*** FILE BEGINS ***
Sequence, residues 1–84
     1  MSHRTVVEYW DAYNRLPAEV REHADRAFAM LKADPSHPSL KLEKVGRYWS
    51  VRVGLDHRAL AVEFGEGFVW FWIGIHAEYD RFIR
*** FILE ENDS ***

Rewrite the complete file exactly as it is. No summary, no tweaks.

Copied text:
Sequence, residues 1–84
     1  MSHRTVVEYW DAYNRLPAEV REHADRAFAM LKADPSHPSL KLEKVGRYWS
    51  VRVGLDHRAL AVEFGEGFVW FWIGIHAEYD RFIR